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For an artist who won't be dealing directly with the code, what formats for 2d animation could they use that would be portable into an android game?

In my particular case there are no collision requirements or anything, just need to be able to place the animation on screen at a specific point.

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Is this 3D or 2D? – Noctrine Oct 26 '10 at 16:09
2d for now but 3d options would be useful to know for future reference. – lathomas64 Oct 26 '10 at 16:13
What kind of animations ? Are you talking about videos, or maybe something that could be a sequence of png's or images ? – dotminic Oct 28 '10 at 13:04
the latter, for example a radar-like ping somewhere on the screen. – lathomas64 Oct 28 '10 at 13:15
I think there has been a failure of communication on my part. I am looking for what file formats I could import into an android application, not how to create the animation in the first place. Basically I was caught off guard in a meeting with an artist and the guy heading the design on a project when he asked her about doing some animation and she asked what format it needed to be in. Google searches for animation and android just link me to how to do it internally and not how to import animation from an existing outside file. – lathomas64 Oct 28 '10 at 15:39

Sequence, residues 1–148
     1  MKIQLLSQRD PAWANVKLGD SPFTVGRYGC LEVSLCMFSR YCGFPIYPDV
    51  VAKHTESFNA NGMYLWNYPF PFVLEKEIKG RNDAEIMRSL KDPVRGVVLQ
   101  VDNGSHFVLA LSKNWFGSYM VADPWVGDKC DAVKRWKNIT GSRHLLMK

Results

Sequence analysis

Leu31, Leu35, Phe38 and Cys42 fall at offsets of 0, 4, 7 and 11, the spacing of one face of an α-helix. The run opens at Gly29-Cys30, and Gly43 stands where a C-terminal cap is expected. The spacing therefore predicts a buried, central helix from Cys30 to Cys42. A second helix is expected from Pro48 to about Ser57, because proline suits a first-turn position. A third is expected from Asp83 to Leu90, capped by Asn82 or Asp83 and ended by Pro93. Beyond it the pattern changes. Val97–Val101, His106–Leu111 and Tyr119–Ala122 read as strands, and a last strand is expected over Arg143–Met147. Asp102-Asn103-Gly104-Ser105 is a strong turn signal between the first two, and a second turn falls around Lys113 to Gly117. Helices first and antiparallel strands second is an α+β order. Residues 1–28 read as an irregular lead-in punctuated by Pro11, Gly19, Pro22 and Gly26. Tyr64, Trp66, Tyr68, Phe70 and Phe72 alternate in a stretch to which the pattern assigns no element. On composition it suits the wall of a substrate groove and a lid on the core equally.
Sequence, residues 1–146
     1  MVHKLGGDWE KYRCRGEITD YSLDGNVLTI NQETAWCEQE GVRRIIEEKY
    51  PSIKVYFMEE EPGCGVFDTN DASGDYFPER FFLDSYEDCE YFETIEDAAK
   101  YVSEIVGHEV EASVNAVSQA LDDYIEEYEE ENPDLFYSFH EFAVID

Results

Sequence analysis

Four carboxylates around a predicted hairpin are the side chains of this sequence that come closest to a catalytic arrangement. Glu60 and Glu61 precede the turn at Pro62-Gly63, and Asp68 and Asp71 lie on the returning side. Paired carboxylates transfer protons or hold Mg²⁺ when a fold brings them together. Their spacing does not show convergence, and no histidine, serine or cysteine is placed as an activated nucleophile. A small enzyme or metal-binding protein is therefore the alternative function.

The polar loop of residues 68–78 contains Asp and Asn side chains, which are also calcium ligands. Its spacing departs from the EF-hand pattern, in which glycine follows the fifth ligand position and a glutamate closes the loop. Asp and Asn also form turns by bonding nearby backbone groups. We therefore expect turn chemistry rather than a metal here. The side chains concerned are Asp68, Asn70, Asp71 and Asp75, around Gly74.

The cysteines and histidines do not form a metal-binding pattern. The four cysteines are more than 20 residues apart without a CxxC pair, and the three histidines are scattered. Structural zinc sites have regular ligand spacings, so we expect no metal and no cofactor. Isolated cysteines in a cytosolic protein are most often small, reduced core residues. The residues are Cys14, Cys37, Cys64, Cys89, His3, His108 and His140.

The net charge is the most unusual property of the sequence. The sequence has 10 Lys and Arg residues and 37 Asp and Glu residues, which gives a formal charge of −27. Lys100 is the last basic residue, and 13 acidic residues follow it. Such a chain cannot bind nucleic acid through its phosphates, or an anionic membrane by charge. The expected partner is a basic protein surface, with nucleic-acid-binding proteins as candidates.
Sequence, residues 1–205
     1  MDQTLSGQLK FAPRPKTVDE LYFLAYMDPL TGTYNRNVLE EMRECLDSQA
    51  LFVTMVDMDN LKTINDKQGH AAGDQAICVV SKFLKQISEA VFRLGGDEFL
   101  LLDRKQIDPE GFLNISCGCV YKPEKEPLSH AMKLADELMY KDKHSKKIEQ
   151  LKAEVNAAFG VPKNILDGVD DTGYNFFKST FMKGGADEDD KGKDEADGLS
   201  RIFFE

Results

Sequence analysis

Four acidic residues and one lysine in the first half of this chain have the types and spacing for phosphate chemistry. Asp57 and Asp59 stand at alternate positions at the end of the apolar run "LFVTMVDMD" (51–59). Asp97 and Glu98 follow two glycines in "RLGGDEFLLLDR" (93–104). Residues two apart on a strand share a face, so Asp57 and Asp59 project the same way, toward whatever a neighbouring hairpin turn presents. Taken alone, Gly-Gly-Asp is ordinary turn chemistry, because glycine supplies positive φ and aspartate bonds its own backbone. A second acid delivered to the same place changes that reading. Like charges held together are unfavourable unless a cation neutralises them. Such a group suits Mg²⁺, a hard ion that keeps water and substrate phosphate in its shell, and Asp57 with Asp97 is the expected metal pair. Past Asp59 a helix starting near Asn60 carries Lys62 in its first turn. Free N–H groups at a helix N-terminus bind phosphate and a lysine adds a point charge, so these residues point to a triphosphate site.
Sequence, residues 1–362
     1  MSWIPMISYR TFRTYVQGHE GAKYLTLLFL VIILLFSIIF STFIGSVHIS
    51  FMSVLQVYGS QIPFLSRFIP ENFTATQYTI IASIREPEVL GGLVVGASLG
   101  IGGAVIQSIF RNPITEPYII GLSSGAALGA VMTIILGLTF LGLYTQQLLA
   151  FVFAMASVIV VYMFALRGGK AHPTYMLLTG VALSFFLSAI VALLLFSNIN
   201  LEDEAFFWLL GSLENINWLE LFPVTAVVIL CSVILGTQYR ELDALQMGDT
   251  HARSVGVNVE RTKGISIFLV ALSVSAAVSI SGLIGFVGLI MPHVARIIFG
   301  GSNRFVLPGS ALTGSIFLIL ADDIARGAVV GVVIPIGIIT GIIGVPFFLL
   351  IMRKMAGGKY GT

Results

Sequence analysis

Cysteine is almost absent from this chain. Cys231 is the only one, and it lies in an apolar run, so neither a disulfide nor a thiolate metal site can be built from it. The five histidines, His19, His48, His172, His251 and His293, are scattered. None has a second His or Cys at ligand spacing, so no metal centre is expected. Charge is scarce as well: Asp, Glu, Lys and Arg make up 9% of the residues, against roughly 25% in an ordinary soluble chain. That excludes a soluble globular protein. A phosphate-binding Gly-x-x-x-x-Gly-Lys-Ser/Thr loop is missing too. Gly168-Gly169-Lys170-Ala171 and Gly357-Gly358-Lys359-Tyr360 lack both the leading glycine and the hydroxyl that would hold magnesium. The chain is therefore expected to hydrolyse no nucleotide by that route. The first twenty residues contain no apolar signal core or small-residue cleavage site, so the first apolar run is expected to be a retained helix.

up vote 2 down vote accepted

You could use the page flipping technique. You generate the animation as a sequence of images, where each image is a frame of animation. Then if you display each image (or frame) in succession, you get your animation.

You could/should also add all the images to the sprite sheet, so that you only need to load one image, and then just display each portion of the sprite sheet that contains the current frame.

So if your animation images are all 64*64 pixels, and let's say you have 4 frames in the animation, you would end up with 4 images that each represent a frame of the animation. Those 4 images would be added to a bigger image or 256 * 64 pixels, and when you render each image to display the animation, you would first render only the 64 * 64 first pixels. Then you move over by 64 pixels and render the next 64 * 64 rectangle of pixels.

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